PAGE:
Genus Capital predicts future investing trends

Why sustainable investment firm expects a boost in fossil free investments next year

Genus Capital predicts future investing trends

Mike Thiessen is a Partner & Director of Sustainable Investments at Genus Capital , an investment firm and a pioneer in Canada’s divest-invest movement.

2019 will be remembered as the year of climate action, with hundreds of thousands of Canadians across 85 cities joining climate strikes to demonstrate their support.

This activism has led to an increase in Canadians questioning how their investments can support climate action. Our team at Genus Capital has already seen an increase in clients asking about sustainable investing, and we predict that climate change will be the biggest concern for investors in 2020.

Here’s our top four investment predictions for the coming year.

1. Stakeholders demanding public and educational institutions to divest will become the norm, not the exception.

Pressure for large organizations, including universities, churches and pension funds, to divest away from fossil fuels will continue to mount globally. Already Harvard and Yale in the US and the

University of Manchester in the UK are under pressure from students to divest, and we expect more protests and walkouts frequenting universities next year.

As the divestment movement gains traction, stakeholders calling for divestment will no longer be the exception, but the norm. Consequently, more organizations will announce plans to divest in


2. Stranded asset risk will influence investor decisions.

We also expect more individual investors to move their money into fossil free funds. The motivation for this transfer will be two fold.

Firstly, the number of Canadians concerned about climate change is rapidly increasing, with recent polls showing that the number one concern among Canadians is climate change. Canadians will therefore increasingly align their investment strategies with their personal values.

Secondly, concerns will grow among investors about the energy sector’s volatility and the potential risk of stranded assets, a situation in which assets such as oil no longer have value due to changes in societal habits, markets or technology, and how this will impact the returns of these investments. Canadians that prioritize financial returns above all else will also be motivated to move their money away from fossil fuel industries.

Furthermore, our 2019 Divestment Report, based on over twenty years of data and six years’ worth of live fossil-free investment data, proves that divesting pays. Investors who divested from fossil fuels from May 2013 to July 2019, using Genus Capital’s Fossil Free CanGlobe Equity Fund, generated a 12.83 per cent annualized return (gross of fees and net of expenses) without contributing to the climate crisis. The fund outperformed the returns of its benchmark and the overall Canadian stock market index. Divesting is not just a moral imperative, but an economically sensible decision.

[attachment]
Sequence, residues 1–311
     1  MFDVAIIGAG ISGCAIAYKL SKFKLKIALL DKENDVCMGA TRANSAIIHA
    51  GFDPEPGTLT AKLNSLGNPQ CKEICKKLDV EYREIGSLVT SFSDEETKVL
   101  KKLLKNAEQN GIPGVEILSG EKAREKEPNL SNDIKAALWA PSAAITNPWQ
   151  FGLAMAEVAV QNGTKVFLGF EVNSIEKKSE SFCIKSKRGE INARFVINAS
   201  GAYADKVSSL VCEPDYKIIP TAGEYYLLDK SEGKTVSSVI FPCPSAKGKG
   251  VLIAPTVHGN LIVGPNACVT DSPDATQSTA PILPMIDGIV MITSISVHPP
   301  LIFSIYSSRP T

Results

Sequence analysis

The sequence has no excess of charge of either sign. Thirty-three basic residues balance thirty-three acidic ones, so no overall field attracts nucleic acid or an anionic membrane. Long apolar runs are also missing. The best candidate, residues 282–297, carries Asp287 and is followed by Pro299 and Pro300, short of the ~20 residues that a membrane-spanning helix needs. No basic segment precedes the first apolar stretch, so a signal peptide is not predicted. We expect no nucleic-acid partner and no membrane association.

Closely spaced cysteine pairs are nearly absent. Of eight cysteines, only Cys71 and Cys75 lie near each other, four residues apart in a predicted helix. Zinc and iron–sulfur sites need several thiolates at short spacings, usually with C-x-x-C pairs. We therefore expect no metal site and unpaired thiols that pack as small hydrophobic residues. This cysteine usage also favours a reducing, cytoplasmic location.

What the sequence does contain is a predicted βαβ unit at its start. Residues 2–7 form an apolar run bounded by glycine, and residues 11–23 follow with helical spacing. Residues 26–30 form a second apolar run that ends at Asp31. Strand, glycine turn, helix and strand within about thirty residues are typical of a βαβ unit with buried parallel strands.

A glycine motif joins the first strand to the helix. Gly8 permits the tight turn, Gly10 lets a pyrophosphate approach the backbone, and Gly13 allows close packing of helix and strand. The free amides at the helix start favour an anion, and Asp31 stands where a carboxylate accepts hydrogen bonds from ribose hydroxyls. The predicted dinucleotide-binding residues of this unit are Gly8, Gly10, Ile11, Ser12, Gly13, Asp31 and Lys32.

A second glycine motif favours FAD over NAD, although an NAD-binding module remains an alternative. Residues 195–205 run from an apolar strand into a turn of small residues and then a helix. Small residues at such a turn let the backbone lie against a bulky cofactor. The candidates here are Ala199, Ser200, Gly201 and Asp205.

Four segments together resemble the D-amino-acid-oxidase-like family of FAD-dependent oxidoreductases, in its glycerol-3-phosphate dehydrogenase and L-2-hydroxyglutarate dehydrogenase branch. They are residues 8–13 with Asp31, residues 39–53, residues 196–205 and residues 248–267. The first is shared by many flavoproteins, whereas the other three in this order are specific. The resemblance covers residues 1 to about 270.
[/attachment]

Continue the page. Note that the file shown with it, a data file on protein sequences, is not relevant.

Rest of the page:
3. Pressure will mount for equity disclosure

Earlier this year, 99 investors that represent more than $1.61tn in assets under management, asked companies to increase the transparency of information on workplace equity, including gender, race and ethnicity.

These 99 investors argue that workforce diversity is a material concern. Research by McKinsey has proven that diversity increases the likelihood of returns, stronger than the industry medians.

For example, business teams outperform on sales when gender representation is equal.

To date, the representation of women on boards has been a hot topic, but the transparency of workplace equity overall has not.

In 2020, we expect more businesses to make the data on their workplace diversity accessible, and we predict this data will influence investor decisions with the most diverse companies being more attractive to investors.

4. The impact investment movement will grow

The number of Impact Investors in Canada will grow, meaning those investors who not only screen potentially harmful industries (such as tobacco, arms, fossil fuels, etc.), but proactively invest in organizations that are providing solutions to some of the world’s biggest problems.

Impact investors will increasingly link their impact to the 17 UN Sustainable Development Goals , which outline some of the most pressing issues of our time. For example, an investor who cares about affordable and clean energy may choose to invest in an organization such as CoPower, which is financing renewable energy and energy efficiency projects. Alternatively, an investor concerned about improving health and wellness may opt to support innovative healthtech companies.

The acceleration of Impact Investing will be seen in 2020, and will continue for years to come, as the Millennial generation - known for being more socially conscious than previous generations - build and acquire more wealth.

Final word

Overall, we expect to see a shift in investor attitudes over the next year, with concerns for the environment and society becoming increasingly important.

While investors will naturally still care about the financial returns of their decisions, it will not come at the cost of aligning investment choices with personal values - and nor should it. As research has now shown, investors can align portfolios with their own values, while still achieving returns consistent with traditional portfolios.